How stressful will 18 credit hours in Physics be at Uni?

  • #1
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The classes include: Electricity and Magnetism 2, Intro Modern Physics, Intro Theoretical Physics, Optics Lab, Intro to Solid State Physics.

I will have a good amount of experience in E&M as well as Theoretical Physics. This will be for my second semester of 3rd year going for a B.S. in physics at a state university.
 

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  • #2
symbolipoint
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The set of courses listed are an overload on Physics. Look at how course prerequisites are lined. The best advice should come from an adviser in your Physics department who would help you plan your semester by semester selection of courses. According to what you just listed, too many courses in just one semester. Some things you delayed and some things you might be taking prematurely. Those are my impressions.
 
  • #3
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Unfortunately, I ve already met with a physics advisor and this is currently the only way I can get the degree in the right amount of time...
 
  • #4
jtbell
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What's the largest number of physics and math courses that you've taken in one term before, and how did you feel about it?
 
  • #5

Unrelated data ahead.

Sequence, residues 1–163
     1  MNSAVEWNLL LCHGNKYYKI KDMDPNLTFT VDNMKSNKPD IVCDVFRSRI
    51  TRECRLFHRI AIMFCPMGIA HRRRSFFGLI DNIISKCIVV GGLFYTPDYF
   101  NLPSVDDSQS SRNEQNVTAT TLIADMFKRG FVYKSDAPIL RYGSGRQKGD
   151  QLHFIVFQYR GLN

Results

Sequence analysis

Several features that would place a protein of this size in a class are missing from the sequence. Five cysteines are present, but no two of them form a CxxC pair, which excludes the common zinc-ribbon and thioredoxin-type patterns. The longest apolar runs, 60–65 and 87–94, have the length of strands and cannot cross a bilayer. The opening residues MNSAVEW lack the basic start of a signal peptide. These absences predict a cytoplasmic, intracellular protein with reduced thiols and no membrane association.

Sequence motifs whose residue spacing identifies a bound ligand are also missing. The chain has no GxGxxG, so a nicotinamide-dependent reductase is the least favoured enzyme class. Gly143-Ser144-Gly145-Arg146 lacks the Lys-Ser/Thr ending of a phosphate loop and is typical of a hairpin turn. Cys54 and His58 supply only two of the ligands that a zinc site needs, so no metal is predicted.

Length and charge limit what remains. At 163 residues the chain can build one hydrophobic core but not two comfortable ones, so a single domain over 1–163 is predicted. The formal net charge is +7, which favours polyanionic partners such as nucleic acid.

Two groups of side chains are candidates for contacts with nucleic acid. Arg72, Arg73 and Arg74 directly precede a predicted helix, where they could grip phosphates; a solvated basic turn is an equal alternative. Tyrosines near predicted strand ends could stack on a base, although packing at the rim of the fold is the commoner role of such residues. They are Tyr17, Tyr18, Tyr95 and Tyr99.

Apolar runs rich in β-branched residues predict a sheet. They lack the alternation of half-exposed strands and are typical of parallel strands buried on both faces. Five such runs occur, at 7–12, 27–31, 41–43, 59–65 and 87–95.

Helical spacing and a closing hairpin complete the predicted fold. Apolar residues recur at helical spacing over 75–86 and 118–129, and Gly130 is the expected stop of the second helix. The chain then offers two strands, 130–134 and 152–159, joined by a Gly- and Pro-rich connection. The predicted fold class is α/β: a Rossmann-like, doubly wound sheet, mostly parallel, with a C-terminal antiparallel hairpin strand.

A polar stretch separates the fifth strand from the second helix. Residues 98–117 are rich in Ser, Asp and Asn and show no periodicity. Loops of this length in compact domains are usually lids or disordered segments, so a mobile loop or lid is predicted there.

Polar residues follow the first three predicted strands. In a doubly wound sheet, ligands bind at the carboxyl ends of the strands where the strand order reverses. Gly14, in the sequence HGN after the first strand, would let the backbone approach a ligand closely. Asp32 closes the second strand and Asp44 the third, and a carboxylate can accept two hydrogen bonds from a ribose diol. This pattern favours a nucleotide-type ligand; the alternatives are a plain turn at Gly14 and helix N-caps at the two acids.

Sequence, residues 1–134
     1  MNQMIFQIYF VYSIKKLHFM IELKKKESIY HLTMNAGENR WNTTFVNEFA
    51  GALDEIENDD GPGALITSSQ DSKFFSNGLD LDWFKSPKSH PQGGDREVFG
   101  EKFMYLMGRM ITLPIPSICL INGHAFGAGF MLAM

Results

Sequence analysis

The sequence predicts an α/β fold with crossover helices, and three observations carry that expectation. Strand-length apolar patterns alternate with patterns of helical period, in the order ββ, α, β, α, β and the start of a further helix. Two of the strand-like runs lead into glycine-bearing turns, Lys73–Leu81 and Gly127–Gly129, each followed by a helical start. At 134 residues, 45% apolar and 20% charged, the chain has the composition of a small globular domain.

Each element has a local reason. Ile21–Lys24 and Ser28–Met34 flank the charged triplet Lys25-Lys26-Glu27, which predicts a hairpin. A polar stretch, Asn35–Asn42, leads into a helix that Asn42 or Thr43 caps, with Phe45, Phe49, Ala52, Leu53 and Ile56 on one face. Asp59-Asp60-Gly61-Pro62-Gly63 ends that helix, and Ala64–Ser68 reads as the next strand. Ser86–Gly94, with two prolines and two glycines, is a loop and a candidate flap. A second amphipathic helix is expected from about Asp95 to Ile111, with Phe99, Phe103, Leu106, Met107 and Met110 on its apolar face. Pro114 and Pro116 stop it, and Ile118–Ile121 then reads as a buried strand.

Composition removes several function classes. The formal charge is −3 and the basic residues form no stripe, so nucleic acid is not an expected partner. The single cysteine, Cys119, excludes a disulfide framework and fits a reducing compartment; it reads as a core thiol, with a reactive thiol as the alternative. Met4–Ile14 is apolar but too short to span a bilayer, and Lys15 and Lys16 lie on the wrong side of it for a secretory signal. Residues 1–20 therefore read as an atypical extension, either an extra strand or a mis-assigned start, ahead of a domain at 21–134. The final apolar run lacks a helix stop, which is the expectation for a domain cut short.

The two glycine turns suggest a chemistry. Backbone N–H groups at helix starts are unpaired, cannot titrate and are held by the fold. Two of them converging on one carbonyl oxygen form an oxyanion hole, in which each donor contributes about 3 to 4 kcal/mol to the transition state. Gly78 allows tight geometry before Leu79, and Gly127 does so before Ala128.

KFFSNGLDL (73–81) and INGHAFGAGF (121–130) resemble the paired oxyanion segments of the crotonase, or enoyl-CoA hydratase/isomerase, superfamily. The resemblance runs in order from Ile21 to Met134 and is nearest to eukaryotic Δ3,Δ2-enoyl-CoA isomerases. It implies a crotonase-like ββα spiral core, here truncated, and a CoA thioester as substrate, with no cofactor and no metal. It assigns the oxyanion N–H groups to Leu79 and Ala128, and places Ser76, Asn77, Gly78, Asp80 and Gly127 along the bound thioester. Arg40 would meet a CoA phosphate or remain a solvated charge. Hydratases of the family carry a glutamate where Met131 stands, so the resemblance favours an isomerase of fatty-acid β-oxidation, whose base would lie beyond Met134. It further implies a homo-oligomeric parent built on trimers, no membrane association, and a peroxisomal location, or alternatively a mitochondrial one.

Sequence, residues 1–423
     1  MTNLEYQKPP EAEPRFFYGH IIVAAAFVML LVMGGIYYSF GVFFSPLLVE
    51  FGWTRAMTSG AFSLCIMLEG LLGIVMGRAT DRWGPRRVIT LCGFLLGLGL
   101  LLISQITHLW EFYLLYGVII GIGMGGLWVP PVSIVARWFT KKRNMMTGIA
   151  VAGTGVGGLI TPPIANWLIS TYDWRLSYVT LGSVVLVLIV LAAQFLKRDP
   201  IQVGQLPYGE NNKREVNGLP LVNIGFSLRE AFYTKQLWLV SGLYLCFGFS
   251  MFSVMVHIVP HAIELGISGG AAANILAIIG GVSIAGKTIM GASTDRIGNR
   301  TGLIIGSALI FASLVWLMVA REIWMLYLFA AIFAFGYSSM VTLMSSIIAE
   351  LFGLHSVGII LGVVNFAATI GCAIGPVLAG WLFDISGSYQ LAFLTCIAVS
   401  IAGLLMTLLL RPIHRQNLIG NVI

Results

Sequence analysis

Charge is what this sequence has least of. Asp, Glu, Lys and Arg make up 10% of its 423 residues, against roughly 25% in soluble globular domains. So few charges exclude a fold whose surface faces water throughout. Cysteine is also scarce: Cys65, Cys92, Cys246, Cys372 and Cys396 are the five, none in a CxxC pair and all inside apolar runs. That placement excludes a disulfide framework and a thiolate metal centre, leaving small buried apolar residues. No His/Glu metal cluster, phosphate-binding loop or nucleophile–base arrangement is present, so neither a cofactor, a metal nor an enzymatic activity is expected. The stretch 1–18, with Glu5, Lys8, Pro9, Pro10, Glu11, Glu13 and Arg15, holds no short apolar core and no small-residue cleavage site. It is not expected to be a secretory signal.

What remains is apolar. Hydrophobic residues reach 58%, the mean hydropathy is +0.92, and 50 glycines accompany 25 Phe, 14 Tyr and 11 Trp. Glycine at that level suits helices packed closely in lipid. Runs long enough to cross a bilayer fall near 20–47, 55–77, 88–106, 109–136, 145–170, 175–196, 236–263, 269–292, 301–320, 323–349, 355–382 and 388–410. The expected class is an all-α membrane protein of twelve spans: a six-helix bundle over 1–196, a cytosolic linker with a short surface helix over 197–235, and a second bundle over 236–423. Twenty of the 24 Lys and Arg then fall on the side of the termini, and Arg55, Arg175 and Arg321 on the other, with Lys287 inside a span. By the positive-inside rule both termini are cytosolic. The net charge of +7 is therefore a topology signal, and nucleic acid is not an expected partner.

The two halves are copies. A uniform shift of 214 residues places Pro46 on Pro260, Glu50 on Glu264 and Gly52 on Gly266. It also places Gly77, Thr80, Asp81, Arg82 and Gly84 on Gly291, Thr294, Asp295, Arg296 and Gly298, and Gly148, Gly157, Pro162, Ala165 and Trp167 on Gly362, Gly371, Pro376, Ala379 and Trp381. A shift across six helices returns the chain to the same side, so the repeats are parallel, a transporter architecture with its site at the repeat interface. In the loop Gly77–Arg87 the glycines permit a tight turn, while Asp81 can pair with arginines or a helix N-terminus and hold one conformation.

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Plan ahead and make an appointment with the men in white coats to come carry you away!

Seriously, this is far too much for one semester. Such a load would drive anyone insane.
 
  • #6
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I just spent my first two years at a community college, so it likely does not compare much. Anyway, I took Multibariable calculus and linear algebra together, and I got As confidently in both. I've only taken one physics course at a time, and I took my last one with Differential equations (this included a lab). I felt great about the diffeqs, and only a little worried about the physics at times
 
  • #7
Choppy
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That's only five courses, which was a pretty standard course load for me. I'm assuming some of the courses are weighted with more than 3 credit hours. 18 credit hours is a lot to take on in one semester, but not completely unreasonable. I would point out that a lot of people find that they do better when they have at least one non physics/mathematics course for a little balance each semester, but not everyone. Some people thrive when they focus.

You might want to consider the impact this will have on other things that you do too. A heavy course load will cut into available time for a part-time job and the time that you need to take care of yourself (everything from exercise to grocery shopping, cleaning and laundry).

I wouldn't let this load intimidate you. I say go for it, but be wise about it. Develop a backup plan if you get a couple weeks into the semester and realize that the course load is either keeping you from learning at an optimal level or that you're not taking good care of yourself.
 
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  • #8
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T
That's only five courses, which was a pretty standard course load for me. I'm assuming some of the courses are weighted with more than 3 credit hours. 18 credit hours is a lot to take on in one semester, but not completely unreasonable. I would point out that a lot of people find that they do better when they have at least one non physics/mathematics course for a little balance each semester, but not everyone. Some people thrive when they focus.